Facebook Has 10,000 Times the Photos the Library of Congress Does

Even Instragram has 10 times pictures

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Think Facebook is just full of zit-faced teens and stoner college kids, all "friending" and "tagging" and "poking" and doing God-knows-what-else to each other? If so, you're probably over 30 and haven't seen The Social Network yet. In any case, I offer you the following statistic in long line of statistics that demonstrate how important social networking has become. According to Jonathan Good, a blogger at 1000memories, Facebook has more than 10,000 the number of photographs uploaded onto its servers than are in the entire Library of Congress.

Good drops this factoid in a blog post where, using some back-of-the-envelope calculations, he attempts to figure out the number of photos that will be taken in 2011. (His estimate is 3.5 trillion.) He pegs the number of photos on Facebook at 140 billion, extrapolating from what Facebook engineers have said about the site's photo library in the past. The social network, by the way, has become the largest photo-sharing site on the Internet, threatening the existence of places like Flickr. The Library of Congress, by comparison, said in its latest available report that it owned "12,557,200 photographs." So Facebook has slightly more than a factor of 10,000 times the number of pictures. He illustrates that stark, orders-of-magnitude discrepancy below.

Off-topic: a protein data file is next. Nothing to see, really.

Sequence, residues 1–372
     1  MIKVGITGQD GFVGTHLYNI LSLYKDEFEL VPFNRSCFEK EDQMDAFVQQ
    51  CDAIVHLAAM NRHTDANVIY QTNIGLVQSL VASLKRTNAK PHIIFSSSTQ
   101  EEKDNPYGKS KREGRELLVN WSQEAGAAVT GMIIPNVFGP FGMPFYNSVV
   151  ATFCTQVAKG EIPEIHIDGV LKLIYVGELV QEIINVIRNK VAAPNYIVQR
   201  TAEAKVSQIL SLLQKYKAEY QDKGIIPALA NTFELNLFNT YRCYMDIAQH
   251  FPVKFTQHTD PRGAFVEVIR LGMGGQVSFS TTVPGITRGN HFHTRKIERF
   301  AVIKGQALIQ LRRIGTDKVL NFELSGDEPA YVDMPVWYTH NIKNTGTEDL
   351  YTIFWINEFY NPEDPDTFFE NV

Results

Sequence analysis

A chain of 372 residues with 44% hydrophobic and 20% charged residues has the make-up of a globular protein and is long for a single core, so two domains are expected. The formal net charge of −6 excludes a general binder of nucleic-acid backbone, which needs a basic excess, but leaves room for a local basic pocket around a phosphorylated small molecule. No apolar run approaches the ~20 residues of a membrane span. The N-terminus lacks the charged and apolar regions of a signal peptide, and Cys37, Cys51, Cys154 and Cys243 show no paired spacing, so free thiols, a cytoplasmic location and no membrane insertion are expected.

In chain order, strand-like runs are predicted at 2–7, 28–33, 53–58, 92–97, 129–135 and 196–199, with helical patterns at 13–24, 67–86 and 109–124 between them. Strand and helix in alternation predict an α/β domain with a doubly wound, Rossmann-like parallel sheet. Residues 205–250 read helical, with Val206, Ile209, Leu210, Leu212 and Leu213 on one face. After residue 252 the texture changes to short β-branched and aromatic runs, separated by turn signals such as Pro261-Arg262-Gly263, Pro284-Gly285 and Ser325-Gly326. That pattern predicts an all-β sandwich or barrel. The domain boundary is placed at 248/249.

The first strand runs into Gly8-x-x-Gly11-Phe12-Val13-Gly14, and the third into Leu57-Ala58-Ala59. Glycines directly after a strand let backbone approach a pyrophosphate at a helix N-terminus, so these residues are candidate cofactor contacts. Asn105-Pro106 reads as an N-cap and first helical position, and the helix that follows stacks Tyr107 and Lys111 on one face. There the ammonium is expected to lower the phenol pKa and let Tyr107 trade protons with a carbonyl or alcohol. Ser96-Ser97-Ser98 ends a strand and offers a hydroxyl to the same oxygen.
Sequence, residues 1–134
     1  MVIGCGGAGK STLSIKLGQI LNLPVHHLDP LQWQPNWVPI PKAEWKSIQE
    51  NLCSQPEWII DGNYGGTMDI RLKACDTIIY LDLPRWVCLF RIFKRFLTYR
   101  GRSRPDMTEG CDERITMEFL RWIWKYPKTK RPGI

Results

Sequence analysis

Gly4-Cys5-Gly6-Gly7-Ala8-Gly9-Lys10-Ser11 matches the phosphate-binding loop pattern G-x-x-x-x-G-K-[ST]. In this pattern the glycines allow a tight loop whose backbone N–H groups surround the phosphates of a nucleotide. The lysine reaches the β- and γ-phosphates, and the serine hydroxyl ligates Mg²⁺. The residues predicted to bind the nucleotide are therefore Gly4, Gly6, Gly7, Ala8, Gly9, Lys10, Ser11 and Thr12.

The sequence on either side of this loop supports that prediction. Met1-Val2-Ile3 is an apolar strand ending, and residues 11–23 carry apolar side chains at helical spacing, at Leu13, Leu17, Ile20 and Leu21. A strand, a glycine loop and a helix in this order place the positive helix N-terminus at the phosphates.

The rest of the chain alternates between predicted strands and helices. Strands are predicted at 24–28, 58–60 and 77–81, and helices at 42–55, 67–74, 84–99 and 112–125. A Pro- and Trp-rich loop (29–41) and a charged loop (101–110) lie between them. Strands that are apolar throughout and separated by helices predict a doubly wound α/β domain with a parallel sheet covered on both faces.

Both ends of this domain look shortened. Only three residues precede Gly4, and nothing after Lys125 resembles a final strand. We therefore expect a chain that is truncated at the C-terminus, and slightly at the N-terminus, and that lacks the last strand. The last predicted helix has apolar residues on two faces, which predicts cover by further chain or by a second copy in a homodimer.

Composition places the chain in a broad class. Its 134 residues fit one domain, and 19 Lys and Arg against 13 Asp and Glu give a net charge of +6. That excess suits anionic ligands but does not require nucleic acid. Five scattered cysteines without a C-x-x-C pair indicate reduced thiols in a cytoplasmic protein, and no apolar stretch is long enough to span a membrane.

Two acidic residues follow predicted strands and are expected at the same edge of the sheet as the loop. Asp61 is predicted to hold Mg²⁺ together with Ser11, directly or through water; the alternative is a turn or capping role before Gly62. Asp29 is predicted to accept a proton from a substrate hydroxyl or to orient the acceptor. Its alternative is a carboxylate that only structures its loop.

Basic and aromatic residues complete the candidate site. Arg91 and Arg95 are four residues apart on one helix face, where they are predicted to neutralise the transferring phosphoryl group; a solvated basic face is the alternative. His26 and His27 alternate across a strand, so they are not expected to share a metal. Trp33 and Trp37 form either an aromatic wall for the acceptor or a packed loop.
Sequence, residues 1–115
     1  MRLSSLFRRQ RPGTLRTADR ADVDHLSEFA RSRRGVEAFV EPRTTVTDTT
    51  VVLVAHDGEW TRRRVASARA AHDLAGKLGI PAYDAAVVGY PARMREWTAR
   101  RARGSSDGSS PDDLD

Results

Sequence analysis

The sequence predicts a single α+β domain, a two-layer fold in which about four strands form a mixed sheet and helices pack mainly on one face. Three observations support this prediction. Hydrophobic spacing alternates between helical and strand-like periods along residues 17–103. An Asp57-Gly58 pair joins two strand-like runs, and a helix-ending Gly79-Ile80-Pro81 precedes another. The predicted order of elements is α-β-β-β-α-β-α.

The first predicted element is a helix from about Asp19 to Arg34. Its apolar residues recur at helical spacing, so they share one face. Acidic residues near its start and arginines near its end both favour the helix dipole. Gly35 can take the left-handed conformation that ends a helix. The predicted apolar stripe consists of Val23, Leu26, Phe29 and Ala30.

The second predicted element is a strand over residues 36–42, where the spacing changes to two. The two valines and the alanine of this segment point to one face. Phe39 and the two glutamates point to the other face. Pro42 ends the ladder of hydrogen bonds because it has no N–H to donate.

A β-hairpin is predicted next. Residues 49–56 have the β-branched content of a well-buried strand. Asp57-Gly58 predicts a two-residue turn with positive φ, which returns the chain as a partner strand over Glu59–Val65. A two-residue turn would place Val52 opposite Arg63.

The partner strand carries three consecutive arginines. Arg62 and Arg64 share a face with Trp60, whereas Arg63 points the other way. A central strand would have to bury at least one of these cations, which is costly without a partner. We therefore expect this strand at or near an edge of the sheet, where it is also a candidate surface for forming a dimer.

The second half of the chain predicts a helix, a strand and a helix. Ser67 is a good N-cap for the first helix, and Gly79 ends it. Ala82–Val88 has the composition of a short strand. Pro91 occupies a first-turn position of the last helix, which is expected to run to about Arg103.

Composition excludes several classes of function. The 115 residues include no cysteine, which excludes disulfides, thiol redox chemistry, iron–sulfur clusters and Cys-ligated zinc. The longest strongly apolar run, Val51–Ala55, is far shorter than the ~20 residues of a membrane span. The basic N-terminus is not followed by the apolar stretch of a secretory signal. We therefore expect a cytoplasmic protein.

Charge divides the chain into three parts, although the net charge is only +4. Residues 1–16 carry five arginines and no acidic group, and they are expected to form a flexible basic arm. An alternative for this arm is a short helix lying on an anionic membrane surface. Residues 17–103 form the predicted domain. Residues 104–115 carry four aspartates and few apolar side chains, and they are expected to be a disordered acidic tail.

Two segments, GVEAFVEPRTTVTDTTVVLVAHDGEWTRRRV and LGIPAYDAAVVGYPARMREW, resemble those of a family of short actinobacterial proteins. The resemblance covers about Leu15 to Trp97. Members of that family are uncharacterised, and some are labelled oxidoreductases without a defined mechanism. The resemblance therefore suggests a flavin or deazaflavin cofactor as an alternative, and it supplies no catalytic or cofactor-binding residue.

Even 11-month-old Instagram, with only four employees, has about 10 times the number of photos. "Yeah. This is worth knowing," writes Charles Apple at the American Copy Editors Society. "Because social media isn’t just a cute little fad. Like it or not, social media is the future of media."

For the record, the Library of Congress is considering the world's largest library by number of books and shelf space. But nobody goes to libraries anymore because of said Internet. There, it's all e-books on shelf space called iPads. The main difference is that every word gets either an "e" or and "i" at the front of it.

This article is from the archive of our partner The Wire.